How giant shark movie The Meg, starring Li Bingbing and Jason Statham, became the highest grossing China-US co-production in history

In 2018 The Meg caught Hollywood commentators completely off guard. Jon Turteltaub’s giant shark movie became the highest-grossing Chinese-American co-production of all time, making US$530 million worldwide and beating the previous record holder, Kung Fu Panda 3 .

So how did a movie dubbed “the thinking fan’s Sharknado” triumph against the odds?

Based on a 1997 book by Steve Alten, and starring Jason Statham and Li Bingbing, The Meg pits the crew of an underwater research facility against a 23-metre megalodon, a creature previously thought to be extinct.

By almost any measure, the movie is terrible. The script is awful (sample line: “Meg versus man isn’t a fight, it’s a slaughter!”), the CGI indifferent, and Statham and Li lack even the most rudimentary romantic chemistry, with the former struggling to land his own accent, let alone a gigantic rampaging shark.

“We were being laughed at by a lot of people for making this movie,” said Turtletaub, as quoted by Variety. “Before it came out, the tracking was horrible. They were saying this is a huge mistake, Warner Brothers has blown it, China is done.”

Some critics were still laughing having seen the finished film – hence its 45 per cent Rotten Tomatoes score – not that audiences cared.

Since Jaws all but invented the summer blockbuster in 1975, the public’s appetite for shark movies has remained considerable, quality be damned.

Hence the popularity of the 1999 hit Deep Blue Sea, which pitted cartoony CG sharks against a wisecracking LL Cool J, or the Z-grade Sharknado series (sample title: Sharknado 3: Oh Hell No!) which stretches a very thin joke across six unspeakable movies.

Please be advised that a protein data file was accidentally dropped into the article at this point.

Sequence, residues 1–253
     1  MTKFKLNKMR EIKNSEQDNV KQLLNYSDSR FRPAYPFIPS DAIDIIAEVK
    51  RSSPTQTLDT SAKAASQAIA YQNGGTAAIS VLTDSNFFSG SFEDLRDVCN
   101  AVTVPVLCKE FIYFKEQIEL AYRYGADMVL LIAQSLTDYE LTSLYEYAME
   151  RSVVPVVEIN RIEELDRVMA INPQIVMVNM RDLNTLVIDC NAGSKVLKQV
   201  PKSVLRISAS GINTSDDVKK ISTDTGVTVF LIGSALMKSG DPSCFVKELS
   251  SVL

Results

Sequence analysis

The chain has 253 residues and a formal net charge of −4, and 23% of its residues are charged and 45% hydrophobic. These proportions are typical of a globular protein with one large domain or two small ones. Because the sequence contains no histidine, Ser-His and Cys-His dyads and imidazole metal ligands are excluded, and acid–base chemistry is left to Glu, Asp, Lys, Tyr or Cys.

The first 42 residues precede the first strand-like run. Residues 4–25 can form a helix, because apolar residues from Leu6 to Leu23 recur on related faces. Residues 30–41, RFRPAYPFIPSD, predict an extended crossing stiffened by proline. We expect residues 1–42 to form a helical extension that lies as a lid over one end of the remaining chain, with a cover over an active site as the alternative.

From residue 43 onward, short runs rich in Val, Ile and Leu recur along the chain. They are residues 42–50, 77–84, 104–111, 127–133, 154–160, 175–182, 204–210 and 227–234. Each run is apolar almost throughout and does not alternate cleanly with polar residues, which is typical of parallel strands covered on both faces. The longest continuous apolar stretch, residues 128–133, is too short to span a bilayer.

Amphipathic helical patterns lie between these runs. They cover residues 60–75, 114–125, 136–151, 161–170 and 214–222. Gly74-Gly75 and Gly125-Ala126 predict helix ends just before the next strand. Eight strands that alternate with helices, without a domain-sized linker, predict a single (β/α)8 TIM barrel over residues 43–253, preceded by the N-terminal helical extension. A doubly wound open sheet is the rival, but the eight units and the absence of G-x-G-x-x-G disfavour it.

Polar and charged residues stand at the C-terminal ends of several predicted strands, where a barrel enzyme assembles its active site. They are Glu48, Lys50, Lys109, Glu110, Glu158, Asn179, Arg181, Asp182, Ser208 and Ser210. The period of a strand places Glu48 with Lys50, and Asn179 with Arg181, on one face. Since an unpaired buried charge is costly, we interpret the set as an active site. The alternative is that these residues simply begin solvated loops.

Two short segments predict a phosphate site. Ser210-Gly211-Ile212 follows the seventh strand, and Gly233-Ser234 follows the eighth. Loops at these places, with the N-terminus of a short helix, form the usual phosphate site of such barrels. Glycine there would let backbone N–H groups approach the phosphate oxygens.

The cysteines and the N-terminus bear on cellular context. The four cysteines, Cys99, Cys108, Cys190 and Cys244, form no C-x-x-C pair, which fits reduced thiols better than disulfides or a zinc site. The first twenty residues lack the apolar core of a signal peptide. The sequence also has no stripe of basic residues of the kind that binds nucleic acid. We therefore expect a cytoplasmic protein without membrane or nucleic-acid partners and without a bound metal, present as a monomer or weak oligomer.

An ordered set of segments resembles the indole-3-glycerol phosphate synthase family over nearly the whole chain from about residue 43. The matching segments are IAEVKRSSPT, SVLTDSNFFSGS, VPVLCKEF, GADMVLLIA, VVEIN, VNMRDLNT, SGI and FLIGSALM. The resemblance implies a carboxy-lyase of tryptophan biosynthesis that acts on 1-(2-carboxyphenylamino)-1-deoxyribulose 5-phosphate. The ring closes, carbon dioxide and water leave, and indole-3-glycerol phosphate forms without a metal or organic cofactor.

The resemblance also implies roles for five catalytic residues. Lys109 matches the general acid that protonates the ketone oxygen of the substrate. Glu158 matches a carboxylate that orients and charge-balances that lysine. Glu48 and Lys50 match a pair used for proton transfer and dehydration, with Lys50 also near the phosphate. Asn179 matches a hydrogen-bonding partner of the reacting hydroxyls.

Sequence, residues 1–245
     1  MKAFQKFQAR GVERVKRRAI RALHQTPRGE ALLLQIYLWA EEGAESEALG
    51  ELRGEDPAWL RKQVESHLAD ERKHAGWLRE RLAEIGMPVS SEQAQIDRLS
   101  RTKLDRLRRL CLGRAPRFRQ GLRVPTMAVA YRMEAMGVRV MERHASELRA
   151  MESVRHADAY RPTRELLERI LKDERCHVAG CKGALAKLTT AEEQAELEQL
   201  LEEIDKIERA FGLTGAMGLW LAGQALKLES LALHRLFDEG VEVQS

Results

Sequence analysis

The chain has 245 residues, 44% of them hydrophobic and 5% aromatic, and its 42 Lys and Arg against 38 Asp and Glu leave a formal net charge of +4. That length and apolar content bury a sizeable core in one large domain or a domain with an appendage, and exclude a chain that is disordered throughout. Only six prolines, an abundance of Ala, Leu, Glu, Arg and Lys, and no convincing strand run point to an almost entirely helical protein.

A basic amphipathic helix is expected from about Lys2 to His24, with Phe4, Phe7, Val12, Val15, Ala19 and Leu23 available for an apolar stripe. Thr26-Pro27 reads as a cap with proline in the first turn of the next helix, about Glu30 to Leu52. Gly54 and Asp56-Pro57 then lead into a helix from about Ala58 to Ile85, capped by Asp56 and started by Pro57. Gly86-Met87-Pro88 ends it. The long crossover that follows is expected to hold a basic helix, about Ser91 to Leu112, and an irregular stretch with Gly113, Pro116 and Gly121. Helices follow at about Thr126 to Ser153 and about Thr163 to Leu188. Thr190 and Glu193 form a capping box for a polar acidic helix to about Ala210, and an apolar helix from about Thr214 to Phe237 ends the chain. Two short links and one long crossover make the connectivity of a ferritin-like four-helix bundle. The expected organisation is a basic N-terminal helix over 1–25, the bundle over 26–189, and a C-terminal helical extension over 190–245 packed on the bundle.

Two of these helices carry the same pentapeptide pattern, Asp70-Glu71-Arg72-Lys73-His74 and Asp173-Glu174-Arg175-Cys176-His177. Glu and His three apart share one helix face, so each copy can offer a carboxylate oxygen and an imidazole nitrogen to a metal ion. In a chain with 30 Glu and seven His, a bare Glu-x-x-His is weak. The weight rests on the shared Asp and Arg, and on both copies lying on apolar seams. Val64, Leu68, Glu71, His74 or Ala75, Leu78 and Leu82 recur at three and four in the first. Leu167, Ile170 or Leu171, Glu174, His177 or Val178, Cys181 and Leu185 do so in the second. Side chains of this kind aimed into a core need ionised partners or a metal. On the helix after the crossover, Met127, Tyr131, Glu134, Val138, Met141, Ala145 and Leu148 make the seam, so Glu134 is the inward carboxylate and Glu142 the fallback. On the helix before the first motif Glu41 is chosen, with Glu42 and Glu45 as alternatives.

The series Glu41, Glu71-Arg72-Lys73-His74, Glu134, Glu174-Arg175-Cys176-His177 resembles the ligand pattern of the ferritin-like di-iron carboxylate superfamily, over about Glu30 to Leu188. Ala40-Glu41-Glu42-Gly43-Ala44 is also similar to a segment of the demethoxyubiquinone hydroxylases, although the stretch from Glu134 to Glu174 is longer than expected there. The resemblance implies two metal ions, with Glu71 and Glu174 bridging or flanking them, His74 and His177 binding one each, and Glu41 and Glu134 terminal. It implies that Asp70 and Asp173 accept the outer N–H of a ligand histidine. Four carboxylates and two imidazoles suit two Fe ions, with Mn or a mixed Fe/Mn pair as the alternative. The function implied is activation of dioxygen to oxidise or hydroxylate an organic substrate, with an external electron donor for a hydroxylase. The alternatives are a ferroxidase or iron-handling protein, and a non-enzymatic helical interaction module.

On that basis, The Meg is an easy sell, promising the simplicity of Snakes on a Plane (2006) or Cowboys vs Aliens (2011) – films people thought they wanted to see, until they had.


Li (left) and Ruby Rose in a still from The Meg.

It’s also an easy watch. Glossy, pacy and played just straight enough to pass muster, it features simple names (DJ, Mac, Jaxx), broad-stroke characterisations, and lots of scientific concepts explained slowly as if to a child. Audiences hoping to turn up and turn their brains off would have no trouble finding the switch.

But it’s behind the scenes where it shows its smarts. Because the film was a co-production, Warner Bros received over 40 per cent of the Chinese box office takings instead of the usual 25 per cent, and it was allowed to play in Chinese cinemas for longer – US titles are normally limited to just three weeks.

Even with a bigger slice of the pie, co-productions have fallen flat before. The key mistake seems to be taking Chinese audiences for granted.

To make The Meg more internationally inclusive, producer Belle Avery lived in China for five years, moving to coastal Qingdao where the film is set to soak up the local atmosphere. “Getting the characters and cultural elements right was crucial,” she told The Hollywood Reporter.

How well the film achieves this is debatable, but it’s certainly a step in the right direction, treating the Chinese characters with as much dignity as the American ones.


Rainn Wilson (left) and Winston Chow in a still from The Meg.

An early scene sees billionaire bad guy Rainn Wilson attempting to greet Li’s character and her father (played by the Taiwanese actor Winston Chow) in Mandarin, but getting his words laughably muddled.

A few years ago, the joke would have been the other way round. Indeed, it speaks volumes about The Meg’s fear of offending anyone – except the critics – that a throwaway comment about shark’s fin soup feels controversial in the extreme.

As ever in the film industry, having created a golden goose, nobody wants to kill it. Fast forward three years and, if rumours are to be believed, there’s not only a sequel on the way, but a theme park too. So just when you thought it was safe to go back into the water …

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This article appeared in the South China Morning Post print edition as: Why The Meg is the most successful China-US co-production ever

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